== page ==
Matthew Ronay

Marc Foxx Gallery
6150 Wilshire Boulevard
April 29, 2017–June 3, 2017

Matthew Ronay, Magnitude Source, 2017, basswood, dye, steel, 19 x 40 1/2 x 12".

No one moves quite as fluidly between art and science, spiritual and urbane pursuits, or craftsmanship and conceptual rigor as Matthew Ronay. In this exhibition, Ronay presents refined, colorfully flocked-and-dyed carved Basswood orbs, black holes, tubes, cones, and bricks, many meticulously built from single pieces of wood and then reconstituted with hidden dowels. His objects connote both otherworldly shapes and eighteenth-century utopian architecture—think C. N. Ledoux—as much as mammal innards, vegetables, minerals, and undulating sea creatures.

The show is titled “Surds” after one of pi’s siblings, an irrational integer reduced to a square root. These sculptural arrangements, displayed in an X-shape on five square plinths that checkerboard the gallery floor, look like a three-dimensional mandala or some alternate universe’s fractal collapse. That said, the installation has a Zen-like calmness about it: The engineered organization of these wild forms is complemented by the wrinkled hand-sewn slipcovers Ronay made to offset the wood’s smooth Pop allure. Inspired by the Mayan system of counting, 13, 2016, looks like a factory town built of hot dogs, while Scanner, 2017, resembles an acorn squash or carnivorous flower with a stamen or pistil structure. The largest piece, centrally installed, is Magnitude Source, 2017, a green, purple, orange, and blue orb with wavy beams of wood radiating from it, like an electrified sun topping a giant, brilliantly queer wedding cake.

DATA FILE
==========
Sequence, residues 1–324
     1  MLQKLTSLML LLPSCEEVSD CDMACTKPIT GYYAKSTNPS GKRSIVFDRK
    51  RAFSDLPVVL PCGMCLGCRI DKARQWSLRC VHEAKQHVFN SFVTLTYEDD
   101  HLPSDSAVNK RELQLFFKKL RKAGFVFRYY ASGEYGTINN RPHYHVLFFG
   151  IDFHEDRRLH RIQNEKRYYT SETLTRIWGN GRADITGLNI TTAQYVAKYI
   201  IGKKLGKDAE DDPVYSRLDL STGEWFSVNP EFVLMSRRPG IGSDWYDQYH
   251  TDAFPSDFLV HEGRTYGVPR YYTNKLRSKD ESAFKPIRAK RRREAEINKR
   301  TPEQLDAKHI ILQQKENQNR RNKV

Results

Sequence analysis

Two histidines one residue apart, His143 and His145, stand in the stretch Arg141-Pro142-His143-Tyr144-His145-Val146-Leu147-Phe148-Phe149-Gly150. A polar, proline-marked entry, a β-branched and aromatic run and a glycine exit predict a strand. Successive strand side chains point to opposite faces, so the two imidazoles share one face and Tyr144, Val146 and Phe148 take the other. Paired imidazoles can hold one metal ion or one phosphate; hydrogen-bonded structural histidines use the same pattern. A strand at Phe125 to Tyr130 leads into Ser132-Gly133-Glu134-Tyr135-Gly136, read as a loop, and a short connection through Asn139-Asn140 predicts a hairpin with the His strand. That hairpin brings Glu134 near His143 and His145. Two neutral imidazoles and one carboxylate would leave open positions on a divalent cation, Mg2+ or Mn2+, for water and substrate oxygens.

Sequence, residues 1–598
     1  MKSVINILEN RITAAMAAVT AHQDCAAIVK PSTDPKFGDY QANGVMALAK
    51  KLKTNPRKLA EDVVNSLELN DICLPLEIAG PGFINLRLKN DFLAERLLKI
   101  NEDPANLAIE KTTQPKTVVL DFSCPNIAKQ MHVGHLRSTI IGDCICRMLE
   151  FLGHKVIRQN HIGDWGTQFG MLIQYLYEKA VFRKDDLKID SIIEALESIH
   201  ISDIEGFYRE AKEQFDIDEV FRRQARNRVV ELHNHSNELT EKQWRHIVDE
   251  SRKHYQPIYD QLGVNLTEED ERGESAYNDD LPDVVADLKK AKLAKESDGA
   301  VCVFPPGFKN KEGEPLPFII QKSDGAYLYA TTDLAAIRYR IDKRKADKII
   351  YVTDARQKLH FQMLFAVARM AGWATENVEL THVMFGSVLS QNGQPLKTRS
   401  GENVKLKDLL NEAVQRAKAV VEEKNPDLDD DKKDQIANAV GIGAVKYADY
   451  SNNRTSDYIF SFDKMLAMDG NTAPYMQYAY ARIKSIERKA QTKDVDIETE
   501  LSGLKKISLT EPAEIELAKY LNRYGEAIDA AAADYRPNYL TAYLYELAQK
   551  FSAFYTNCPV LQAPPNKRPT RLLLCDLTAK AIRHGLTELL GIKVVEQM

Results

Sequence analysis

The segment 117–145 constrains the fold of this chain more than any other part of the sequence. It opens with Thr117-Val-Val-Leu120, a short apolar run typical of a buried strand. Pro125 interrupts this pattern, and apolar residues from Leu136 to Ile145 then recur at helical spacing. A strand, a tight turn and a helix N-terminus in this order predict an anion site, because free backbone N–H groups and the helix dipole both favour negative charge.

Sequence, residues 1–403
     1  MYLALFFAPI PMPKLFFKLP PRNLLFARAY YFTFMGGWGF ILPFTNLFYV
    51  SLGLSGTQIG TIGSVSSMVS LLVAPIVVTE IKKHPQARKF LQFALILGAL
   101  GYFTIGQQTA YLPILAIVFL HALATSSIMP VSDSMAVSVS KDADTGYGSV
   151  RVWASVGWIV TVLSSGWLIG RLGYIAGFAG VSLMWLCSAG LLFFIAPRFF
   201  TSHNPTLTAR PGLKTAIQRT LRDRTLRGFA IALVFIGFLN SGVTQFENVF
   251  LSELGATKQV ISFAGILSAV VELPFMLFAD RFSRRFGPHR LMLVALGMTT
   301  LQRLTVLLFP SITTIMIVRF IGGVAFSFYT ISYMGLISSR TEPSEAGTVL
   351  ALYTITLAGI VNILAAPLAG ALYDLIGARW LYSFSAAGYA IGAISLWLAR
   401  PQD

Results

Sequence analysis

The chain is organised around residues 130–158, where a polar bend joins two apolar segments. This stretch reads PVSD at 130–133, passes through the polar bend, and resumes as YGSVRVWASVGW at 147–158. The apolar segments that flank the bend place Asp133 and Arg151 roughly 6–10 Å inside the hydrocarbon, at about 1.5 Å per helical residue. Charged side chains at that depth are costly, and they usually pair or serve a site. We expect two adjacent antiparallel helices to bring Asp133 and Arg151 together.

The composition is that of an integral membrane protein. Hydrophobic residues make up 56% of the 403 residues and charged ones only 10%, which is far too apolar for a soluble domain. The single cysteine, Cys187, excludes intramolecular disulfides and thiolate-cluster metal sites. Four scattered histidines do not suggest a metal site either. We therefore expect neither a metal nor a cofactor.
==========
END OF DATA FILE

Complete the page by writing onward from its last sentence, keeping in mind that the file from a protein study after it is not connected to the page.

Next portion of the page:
Key to the artist’s material metaphysics is the way his wood carvings look gummy, soft, bulbous, vegetal, even spongy, while his sewn objects sometimes adopt harder angles. Ronay’s abject symbolism is carried out through sexualized forms, ruptures between exterior and interior, and objects that elude simple recipes for attraction or repulsion. These sculptures brilliantly challenge short attention spans, inviting us into intimacy.

Trinie Dalton